"The Puppy Episode"

It’s almost impossible to remember a time when Ellen DeGeneres — the inoffensive pastel-palette comedian beloved by Pantsuit Nation moms and Holiday Inn lounges everywhere — was actually something of a radical.

On April 30, The Ellen DeGeneres Show will commemorate the 20th anniversary of "The Puppy Episode," the comedian’s landmark two-part coming out episode from her television series Ellen. At the time, anticipatory anxiety about the episode, which ultimately attracted 42 million viewers, reached such an intensity that the network decided to slap a spectacularly patronizing "parental advisory" warning on it.

Regardless of what you think about the actual quality of the episode itself (it’s phenomenal), you can’t deny its force.

For network executives, soon-to-be-queer teens and anxious parents, Ellen showed us that a woman could come out as gay and life would go on even better than before.

She didn’t just transform television, she changed American culture for good.

Never has a puppy episode caused so much hysteria

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"The Puppy Episode" is delightfully milquetoast (watch it here): The star lesbian character falls for a mid-level manager in a white pantsuit, played by Laura Dern. The most raunchy part of the episode consists of two women briefly hold hands at early bird hour in a lesbian coffeehouse (perhaps my favorite lesbian stereotype of all time).

It took months for ABC and its parent company, Disney, to even get that far. In Season 3 of the show, Ellen the character struggled to form meaningful relationships with men, but in lieu of letting Ellen come out, one producer suggested she get a puppy instead (frankly, a phenomenal trade-off). After months of negotiations, the network finally consented to let Ellen come out on the show, making it one of the first series in television history to feature a lesbian coming out story (L.A. Law and Roseanne had their moments a few years earlier).

Queer heartthrobs, including k.d. lang and Melissa Etheridge, and prominent allies, like Oprah and Laura Dern, enthusiastically agreed to appear. But despite their star power, multiple advertisers pulled ads from the episode. Wendy’s chose to withdraw from the series altogether. Religious right crusader Jerry Falwell dubbed Ellen DeGeneres "Ellen Degenerate," continuing the longstanding conservative tradition of trying really hard to be funny and failing.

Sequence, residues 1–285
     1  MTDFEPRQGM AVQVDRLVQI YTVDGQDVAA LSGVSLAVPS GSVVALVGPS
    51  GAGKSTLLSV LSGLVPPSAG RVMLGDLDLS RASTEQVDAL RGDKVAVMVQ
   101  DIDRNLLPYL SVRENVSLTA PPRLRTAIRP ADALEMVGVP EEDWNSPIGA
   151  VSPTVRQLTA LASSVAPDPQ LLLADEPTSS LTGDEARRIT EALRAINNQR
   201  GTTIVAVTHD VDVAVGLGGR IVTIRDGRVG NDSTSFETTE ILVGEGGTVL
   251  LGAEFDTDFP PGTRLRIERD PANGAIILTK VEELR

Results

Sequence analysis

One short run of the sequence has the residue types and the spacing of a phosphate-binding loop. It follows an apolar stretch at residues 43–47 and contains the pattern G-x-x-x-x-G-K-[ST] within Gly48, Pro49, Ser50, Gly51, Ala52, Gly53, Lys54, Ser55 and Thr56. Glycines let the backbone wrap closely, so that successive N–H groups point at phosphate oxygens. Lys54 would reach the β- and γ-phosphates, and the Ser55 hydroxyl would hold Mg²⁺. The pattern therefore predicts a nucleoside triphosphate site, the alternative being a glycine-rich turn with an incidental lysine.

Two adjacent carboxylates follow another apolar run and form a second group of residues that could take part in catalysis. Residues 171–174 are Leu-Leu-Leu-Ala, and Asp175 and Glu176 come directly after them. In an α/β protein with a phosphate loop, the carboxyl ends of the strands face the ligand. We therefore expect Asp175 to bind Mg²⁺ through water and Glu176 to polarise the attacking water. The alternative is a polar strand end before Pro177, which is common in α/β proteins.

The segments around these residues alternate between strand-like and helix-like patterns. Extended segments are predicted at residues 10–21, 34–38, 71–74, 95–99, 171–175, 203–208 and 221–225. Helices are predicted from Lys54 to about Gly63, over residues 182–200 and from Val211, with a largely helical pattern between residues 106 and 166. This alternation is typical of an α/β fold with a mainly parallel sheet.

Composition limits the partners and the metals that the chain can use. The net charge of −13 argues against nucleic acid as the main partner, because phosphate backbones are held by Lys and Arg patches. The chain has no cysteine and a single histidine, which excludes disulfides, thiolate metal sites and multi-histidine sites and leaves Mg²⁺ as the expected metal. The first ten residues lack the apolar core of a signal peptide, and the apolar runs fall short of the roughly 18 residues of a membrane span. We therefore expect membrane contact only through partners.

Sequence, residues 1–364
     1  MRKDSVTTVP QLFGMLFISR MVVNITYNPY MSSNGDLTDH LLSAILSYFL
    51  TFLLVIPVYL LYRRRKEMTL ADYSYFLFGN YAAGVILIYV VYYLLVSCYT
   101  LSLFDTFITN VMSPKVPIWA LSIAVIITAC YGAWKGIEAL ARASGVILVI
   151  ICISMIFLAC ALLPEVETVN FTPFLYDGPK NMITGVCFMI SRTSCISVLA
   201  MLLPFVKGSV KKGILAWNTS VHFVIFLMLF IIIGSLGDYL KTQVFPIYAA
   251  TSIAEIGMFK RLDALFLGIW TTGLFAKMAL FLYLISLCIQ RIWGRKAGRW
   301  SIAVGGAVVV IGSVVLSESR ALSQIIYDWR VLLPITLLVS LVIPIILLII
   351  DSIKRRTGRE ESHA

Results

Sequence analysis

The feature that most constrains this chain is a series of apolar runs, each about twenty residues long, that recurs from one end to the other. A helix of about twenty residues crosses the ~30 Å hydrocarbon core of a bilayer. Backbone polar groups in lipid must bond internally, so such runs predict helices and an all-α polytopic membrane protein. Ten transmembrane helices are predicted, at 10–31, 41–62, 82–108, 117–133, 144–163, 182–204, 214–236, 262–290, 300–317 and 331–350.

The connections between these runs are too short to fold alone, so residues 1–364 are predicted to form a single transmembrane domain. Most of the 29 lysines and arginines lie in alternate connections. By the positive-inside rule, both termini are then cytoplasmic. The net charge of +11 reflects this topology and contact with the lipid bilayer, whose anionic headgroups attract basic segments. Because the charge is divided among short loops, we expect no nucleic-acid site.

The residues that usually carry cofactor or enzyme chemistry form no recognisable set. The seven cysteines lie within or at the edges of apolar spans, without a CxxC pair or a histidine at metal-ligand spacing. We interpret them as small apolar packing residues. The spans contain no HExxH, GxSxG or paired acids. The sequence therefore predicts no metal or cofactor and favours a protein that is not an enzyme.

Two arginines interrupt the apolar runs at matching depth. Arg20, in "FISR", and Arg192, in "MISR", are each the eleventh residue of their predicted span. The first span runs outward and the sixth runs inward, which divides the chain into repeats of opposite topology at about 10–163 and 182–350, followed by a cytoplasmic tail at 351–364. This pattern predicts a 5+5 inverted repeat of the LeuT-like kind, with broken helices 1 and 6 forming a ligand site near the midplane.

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LGBTQ groups like GLAAD and HRC fought back by planning "Coming out with Ellen" house parties across the nation. Their efforts were rewarded: over 42 million people tuned into watch "The Puppy Episode," the highest in the series’ history. The episode later won an Emmy Award and a Peabody award, and you know the rest: Ellen went on to dance with both President and Mrs. Obama.

That doesn’t mean there weren’t consequences for those involved. Dern later said she wasn’t able to get a job for the next year and a half because of the role. The show, which became even more explicitly gay over time, floundered in its following season.

Still, something about the episode resonated with people — and twenty years later, the story still works.

A coming out story that doesn’t make you want to vom

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What’s remarkable about the Puppy Episode is how little it embarrasses me twenty years later.

Television coming out narratives involve a painful assortment of tropes: a rejecting parent, a sympathetic teacher, a withholding gay crush, and some spiral notebook poetry too earnest for me to quote without hurling.

"The Puppy Episode" touches on a few of these conventions, but with considerably more grace. The storyline is predictable: Ellen goes on a date with a former male college friend, then realizes she has a crush on his hot female producer, played by Dern (who wouldn’t?), a lesbian who finally "sees the gay" in Ellen. When Ellen finally gathers the strength say the word "gay," she leans over and accidentally blurts it into an airport P.A. system, loud enough for hundreds of passengers to hear. Any anxiety viewers might have watching the scene is immediately drowned out by a deafening laugh track.